Prospective Research for Brussels (PRFB) Projects

Prospective Research for Brussels (PRFB) Projects are one-man projects funded by the Institute for the encouragement of Scientific Research and Innovation of Brussels (IWOIB/IRSIB). These projects aim to support PhD students or graduated researchers working on projects contributing to the reflexion regarding the specific development of the Brussels-Capital Region. What follows is the list of PRFB projects funded in the context of Ambient-Oriented Programming.

Engineering support for advanced software applications in mobile computer networks

  • Project Type: Profile A
  • Duration: 01/01/2008 - 12/12/2011
  • Promotor: Theo D’Hondt
  • Researcher: Elisa Gonzalez Boix

Abstract

Three hardware phenomena are currently radically affecting the way we deal with computers and the software that runs on them. First, there is the ubiquitous computing phenomenon which involves the presence of computing power in everyday life objects like wrist watches and cars. Second, there is the miniaturisation phenomenon that makes computers, phones and PDAs blend entirely. This allows users to move about freely. Third, there is the wireless networking phenomenon which allows all these computing devices to exchange information without hampering user mobility. These three phenomena lead to a near future where people are surrounded by countless networked computing devices that provide them with radically new ways of interacting with each other and with the world that surrounds them. Technically, the wirelessly connected mobile devices form mobile ad hoc networks.

Scalable software engineering models and programming language abstractions that can cope with the speciļ¬c problems arising from these hardware phenomena inherent mobile ad hoc networks are lacking. For instance, using contemporary middleware technology, exchanging information between two devices (e.g. sending a message) requires about a page of Java code. Needless to say, this renders these techniques unscalable for the construction of complex applications. This research proposal is built on two main pillars: First, we aim to come up with a set of simple programming abstractions that allow developers to tackle the complexities inherent to writing software for mobile ad hoc networks. Second, we propose to validate our research by conducting a city-wide experiment in Brussels that shows the applicability of our results in order to come up with innovative applications for mobile ad-hoc networks. The result of our research will consist of a prototypical technological platform along with a number of experimental applications that illustrate how this technology can enhance the mobility of citizens in a metropolitan area such as the Brussels Region.

Urban-Area datastructuren ter ondersteuning van stadsapplicaties in mobiele nomadische netwerken

  • Project Type: Profile A
  • Duration: 01/01/2010 - 12/12/2011
  • Promotor: Theo D’Hondt
  • Researcher: Dries Harnie
  • Project website is not yet available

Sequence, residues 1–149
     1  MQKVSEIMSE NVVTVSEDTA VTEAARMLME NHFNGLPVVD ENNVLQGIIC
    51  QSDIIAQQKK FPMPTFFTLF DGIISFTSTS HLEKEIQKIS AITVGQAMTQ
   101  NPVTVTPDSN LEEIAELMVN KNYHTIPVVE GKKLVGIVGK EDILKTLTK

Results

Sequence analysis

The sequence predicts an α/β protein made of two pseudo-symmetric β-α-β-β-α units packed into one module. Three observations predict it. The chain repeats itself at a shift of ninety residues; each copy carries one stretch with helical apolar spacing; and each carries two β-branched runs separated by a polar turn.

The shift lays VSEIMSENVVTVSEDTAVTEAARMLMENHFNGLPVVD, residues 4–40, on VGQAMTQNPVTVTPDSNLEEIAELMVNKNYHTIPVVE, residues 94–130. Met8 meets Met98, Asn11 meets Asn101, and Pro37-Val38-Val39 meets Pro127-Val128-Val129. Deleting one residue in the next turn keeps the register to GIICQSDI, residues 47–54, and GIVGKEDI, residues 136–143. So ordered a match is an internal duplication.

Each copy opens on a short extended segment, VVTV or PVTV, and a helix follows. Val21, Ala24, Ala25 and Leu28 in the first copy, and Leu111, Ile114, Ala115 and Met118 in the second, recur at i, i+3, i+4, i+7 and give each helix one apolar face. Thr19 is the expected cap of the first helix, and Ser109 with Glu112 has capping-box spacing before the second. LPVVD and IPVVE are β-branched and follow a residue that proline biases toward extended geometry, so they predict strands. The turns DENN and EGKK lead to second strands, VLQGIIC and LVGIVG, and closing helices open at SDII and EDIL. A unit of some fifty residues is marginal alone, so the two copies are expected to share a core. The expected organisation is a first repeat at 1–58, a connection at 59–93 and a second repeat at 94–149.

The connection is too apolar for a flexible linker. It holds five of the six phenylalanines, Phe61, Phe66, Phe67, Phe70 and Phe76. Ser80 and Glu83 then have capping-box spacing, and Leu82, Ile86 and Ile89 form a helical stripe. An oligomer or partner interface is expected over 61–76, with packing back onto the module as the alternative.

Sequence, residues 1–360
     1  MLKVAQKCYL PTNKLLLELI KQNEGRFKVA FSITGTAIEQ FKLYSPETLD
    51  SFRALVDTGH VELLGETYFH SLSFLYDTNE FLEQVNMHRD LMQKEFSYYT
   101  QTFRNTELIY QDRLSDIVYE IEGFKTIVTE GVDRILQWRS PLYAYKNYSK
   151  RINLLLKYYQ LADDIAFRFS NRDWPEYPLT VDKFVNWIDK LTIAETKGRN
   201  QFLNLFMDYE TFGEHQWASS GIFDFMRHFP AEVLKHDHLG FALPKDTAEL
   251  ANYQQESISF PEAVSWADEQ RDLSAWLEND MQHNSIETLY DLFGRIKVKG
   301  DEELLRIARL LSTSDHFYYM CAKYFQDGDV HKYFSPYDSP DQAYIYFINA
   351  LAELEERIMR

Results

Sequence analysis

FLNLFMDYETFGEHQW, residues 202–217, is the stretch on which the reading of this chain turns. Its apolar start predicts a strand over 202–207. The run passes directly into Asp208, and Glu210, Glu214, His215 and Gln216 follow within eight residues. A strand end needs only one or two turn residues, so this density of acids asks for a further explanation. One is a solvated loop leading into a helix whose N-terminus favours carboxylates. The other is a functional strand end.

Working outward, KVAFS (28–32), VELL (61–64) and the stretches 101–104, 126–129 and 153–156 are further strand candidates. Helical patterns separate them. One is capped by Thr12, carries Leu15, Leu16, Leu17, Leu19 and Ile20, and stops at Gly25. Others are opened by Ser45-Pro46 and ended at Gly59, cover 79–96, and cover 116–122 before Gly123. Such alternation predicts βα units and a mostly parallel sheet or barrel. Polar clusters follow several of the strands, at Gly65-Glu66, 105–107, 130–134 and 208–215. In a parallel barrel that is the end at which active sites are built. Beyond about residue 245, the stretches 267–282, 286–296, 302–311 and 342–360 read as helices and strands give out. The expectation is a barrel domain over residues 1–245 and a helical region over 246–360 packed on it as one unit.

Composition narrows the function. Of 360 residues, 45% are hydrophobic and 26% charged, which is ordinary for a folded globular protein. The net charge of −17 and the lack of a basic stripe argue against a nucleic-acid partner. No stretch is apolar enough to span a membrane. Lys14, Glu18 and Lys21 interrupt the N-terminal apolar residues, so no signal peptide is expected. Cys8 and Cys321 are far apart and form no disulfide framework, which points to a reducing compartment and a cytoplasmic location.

Abstract

Fueled by technological innovation, wireless technology has boomed in the last few years. Usually the distinction is made between mobile ad-hoc networks, formed by spontaneous collocation of devices, and nomadic networks which are formed when devices migrate between several access points of a static infrastructure (like GSM towers). When these access points are also able to move, they are called mobile nomadic networks.

This kind of networks is common in cities like Brussels where public transport is equipped with modern network technology. Users move about with hand-held devices, connecting with several different access points of a “backbone infrastructure”, which is itself constantly in motion. Networks built around this infrastructure will undoubtedly lead to a new kind of distributed systems, which we will call urban applications or cityware. These applications can vary from simple (”I’m looking for a car”) to sophisticated collaborative applications that link shoppers to targeted mobile advertisements. Such urban applications can give rise to a new digital economy.

In distributed software, the notion of “references” between different components is very important. This is problematic when communication partners no longer share a stable connection, but have to communicate using movable, unreliable intermediaries. The limited communication range and mobility of these intermediaries make it very hard to maintain meaningful references. Nevertheless, these references form the base of all data structures, including the collaborative urban applications we envision.

The goal of this research is to invent a heterogeneous strategy that offers programmers the ability to work with familiar references, but which is still easily translatable to indirect communication. This strategy enables distributed components in a mobile nomadic network to refer to each other and supports the construction of urban-area datastructures, which are necessary to write urban applications.

I propose to develop an open middleware which programmers can use to build urban-area data structures, using the references they are familiar with. Sometimes the default strategy for distributing data structures will be sub-optimal: programmers will have a means to select the way data structures are disseminated. The data structures we can build with these references will be adapted versions of the well-studied distributed datastructures.

projects/iwoib-prfb.txt · Last modified: 2010/08/17 09:10 by dharnie
 
 
 
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